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Conscious Cogn. 2016 Oct;45:109-123. doi: 10.1016/j.concog.2016.08.017. Epub 2016 Aug 28.

Cognitive effects of MBSR/MBCT: A systematic review of neuropsychological outcomes.

Author information

1
School of Clinical Sciences at Monash Health, Monash University, Department of Medicine, Nursing and Health Sciences, Melbourne, Australia. Electronic address: So-an.Lao@monash.edu.
2
School of Clinical Sciences at Monash Health, Monash University, Department of Medicine, Nursing and Health Sciences, Melbourne, Australia. Electronic address: David.Kissane@monash.edu.
3
School of Clinical Sciences at Monash Health, Monash University, Department of Medicine, Nursing and Health Sciences, Melbourne, Australia. Electronic address: Graham.Meadows@monash.edu.

Abstract

Mindfulness is theorised to improve attention regulation and other cognitive processes. This systematic review examines whether 8-week standardised and manualised mindfulness training programs such as Mindfulness Based Cognitive Therapy (MBCT) and Mindfulness Based Stress Reduction (MBSR) enhances attention, memory and executive function abilities measured by objective neuropsychological tests. Seven databases were searched resulting in 18 studies meeting inclusion criteria for review. Overall studies did not support attention or executive function improvements. We found preliminary evidence for improvements in working memory and autobiographical memory as well as cognitive flexibility and meta-awareness. Short-term mindfulness meditation training did not enhance theorised attentional pathways. Results call into question the theoretical underpinnings of mindfulness, further highlighting the need for a comprehensive theoretical framework.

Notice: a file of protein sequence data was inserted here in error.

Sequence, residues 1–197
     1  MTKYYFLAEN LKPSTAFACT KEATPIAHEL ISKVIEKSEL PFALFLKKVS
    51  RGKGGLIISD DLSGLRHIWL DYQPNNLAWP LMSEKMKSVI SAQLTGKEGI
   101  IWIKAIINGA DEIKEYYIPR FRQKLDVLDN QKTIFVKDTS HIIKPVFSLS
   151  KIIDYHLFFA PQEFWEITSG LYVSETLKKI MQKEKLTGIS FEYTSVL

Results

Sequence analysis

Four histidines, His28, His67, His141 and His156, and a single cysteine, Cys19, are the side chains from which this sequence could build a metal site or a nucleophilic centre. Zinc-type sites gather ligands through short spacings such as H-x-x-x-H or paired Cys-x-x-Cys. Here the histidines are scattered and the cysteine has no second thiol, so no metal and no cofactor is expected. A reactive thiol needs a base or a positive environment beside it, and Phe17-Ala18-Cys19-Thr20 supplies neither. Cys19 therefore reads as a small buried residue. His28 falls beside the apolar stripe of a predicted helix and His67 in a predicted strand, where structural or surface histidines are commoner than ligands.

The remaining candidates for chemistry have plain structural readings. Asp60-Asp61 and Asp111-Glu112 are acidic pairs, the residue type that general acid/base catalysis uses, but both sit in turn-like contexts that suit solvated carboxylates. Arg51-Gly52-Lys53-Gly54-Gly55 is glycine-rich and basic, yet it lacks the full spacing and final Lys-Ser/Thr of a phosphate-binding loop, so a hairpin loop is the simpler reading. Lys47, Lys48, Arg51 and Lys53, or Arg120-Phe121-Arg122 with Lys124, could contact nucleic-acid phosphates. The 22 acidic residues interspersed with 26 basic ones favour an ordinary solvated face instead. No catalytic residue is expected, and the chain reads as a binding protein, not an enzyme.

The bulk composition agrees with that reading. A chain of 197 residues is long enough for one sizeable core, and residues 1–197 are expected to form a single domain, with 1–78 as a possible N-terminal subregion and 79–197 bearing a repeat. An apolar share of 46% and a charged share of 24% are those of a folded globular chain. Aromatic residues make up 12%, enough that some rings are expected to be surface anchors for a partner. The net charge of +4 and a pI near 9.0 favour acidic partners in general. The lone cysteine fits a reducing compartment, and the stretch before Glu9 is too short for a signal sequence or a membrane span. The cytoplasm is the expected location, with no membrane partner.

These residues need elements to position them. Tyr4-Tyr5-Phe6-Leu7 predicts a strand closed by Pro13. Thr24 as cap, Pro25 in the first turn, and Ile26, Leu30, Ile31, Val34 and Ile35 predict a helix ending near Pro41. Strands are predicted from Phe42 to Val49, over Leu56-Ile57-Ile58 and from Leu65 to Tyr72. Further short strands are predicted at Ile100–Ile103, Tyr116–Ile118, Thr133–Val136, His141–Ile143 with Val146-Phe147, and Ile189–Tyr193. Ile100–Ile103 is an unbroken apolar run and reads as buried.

KEYWORDS:

Attention; Awareness; Cognitive ability; Cognitive function; Executive function; Memory; Meta-awareness; Mindfulness based cognitive therapy (MBCT); Mindfulness based stress reduction (MBSR)

PMID:
27580462
DOI:
10.1016/j.concog.2016.08.017
[Indexed for MEDLINE]

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